Last week, President Obama signed legislation that will pump another $80 million of stimulus money into the Small Business Administration’s lending programs. That sum may not sound like much, but the SBA estimates that this increased funding will support nearly $3 billion in lending to America’s small businesses.
In particular, these added funds will help small business owners get 7(a) loans (for general needs) and 504 loans (for real estate.) But there’s more to this than money. The legislation also ensures higher guarantee levels on the loans and allows small business owners to temporarily avoid paying fees.
“Small businesses across the country have been able to secure critical financing as a result of the Recovery Act loan provisions and the continued interim funding we’ve received for the program,” SBA Administrator Karen Mills said in a press release. “The increased guarantees and reduced fees on SBA loans have generated more than $25 billion in new loans to small business owners and brought more than 1,200 lenders back to SBA loan programs.”
“These programs have been successful in helping jump-start our economy,” Mills added. Some, no doubt, may view this claim with a bit of skepticism, but the effects of the stimulus funds are real, even if we don’t hear about them every day.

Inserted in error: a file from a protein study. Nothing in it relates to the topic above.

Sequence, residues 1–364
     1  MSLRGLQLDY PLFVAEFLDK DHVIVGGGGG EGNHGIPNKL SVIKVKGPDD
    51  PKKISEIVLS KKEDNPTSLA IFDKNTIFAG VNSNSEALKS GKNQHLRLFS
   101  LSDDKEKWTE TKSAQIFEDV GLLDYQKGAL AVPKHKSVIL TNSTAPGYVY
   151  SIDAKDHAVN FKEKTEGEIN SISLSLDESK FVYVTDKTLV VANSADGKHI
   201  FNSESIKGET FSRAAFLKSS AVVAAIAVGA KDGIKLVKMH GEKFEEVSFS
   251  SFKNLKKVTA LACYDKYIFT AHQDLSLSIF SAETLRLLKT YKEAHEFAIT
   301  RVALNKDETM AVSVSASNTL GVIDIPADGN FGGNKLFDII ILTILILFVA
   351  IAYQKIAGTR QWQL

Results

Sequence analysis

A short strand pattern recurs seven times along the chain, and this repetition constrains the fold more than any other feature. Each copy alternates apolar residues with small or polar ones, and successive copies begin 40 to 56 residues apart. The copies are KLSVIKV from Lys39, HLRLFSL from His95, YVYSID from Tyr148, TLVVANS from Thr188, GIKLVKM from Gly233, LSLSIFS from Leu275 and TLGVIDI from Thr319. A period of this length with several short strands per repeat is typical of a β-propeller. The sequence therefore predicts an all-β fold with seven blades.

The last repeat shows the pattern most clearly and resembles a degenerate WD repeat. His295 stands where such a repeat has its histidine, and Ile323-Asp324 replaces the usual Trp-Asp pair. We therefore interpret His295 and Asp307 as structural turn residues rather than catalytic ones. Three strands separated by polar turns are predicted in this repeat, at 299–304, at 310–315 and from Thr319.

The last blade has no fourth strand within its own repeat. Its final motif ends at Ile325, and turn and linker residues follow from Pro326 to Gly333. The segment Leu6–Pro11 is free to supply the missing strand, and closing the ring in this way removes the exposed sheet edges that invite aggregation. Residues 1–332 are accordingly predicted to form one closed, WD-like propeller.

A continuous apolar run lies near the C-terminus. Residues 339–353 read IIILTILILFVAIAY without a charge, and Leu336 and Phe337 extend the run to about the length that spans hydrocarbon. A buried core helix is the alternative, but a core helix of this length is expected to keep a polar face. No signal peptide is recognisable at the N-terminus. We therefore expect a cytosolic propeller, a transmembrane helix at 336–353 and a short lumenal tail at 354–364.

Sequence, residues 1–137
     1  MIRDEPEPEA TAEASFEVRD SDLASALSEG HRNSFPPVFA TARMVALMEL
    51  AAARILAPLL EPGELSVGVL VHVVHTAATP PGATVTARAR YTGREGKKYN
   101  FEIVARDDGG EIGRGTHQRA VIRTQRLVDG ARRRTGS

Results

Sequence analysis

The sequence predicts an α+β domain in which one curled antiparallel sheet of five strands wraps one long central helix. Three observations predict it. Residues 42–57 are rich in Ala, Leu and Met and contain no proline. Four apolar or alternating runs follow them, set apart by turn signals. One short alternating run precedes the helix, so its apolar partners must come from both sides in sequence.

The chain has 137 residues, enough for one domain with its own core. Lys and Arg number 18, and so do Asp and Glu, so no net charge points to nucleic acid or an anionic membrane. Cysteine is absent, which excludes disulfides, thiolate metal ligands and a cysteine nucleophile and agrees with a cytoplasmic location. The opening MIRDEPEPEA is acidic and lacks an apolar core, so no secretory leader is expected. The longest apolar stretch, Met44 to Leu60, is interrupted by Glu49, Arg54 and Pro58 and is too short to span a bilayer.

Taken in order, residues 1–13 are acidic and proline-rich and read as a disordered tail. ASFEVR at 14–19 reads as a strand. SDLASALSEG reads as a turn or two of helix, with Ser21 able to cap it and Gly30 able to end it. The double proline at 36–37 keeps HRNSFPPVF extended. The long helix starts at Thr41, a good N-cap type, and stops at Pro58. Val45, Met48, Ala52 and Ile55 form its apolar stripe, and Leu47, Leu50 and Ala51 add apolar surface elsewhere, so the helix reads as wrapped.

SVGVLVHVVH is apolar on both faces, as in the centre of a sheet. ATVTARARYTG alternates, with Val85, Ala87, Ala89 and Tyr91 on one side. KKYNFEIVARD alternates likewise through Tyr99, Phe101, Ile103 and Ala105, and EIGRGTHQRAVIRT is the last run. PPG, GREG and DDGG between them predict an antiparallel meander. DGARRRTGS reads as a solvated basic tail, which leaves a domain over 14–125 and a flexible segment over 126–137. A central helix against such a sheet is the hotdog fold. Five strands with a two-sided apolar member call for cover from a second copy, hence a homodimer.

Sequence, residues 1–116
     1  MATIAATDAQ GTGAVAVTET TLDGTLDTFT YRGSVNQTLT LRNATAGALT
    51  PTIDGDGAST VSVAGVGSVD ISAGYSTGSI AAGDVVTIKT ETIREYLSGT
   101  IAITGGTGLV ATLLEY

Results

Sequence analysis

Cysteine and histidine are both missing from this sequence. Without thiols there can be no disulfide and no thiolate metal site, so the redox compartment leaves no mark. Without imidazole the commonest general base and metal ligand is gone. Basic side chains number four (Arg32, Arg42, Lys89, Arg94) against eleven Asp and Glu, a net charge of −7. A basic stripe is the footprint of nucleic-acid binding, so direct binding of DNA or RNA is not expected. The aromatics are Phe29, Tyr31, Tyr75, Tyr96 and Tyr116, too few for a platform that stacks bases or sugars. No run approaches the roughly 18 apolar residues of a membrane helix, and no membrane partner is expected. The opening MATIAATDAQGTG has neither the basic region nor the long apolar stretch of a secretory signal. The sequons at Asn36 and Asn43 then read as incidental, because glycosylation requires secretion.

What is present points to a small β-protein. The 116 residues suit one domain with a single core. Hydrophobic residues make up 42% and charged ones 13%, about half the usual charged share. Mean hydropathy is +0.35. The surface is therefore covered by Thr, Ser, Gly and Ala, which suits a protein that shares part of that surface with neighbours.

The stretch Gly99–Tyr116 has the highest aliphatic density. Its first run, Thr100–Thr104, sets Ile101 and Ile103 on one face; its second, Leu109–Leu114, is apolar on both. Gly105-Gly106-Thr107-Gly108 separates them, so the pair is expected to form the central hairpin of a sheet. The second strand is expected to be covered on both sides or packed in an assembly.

One braided rug manufacturer in Rhode Island managed to save 75 jobs and secure the necessary funds to stay in business thanks to a $300,000 loan from the SBA through the Recovery Act. Cutting the fees that borrowers need to pay allowed one restaurant in Buffalo, N.Y., to do some needed remodeling. And contrary to what some might believe, these loans don’t just go to people with existing businesses. Gary Skrla from Everett, Wash., scored a handsome $879,000 loan from the SBA to open his own hardware store after being laid off from a corporate job.
Still, there is a downside. This legislation marks the third time that the Obama administration has extended stimulus funds to the Small Business Association. But as Inc Magazine points out, “month-to-month extensions have caused the small-business lending market to experience a series of halting starts and stops. Each extension has come after funds dried up, and borrowers had to wait in line hoping a cash infusion would arrive.”
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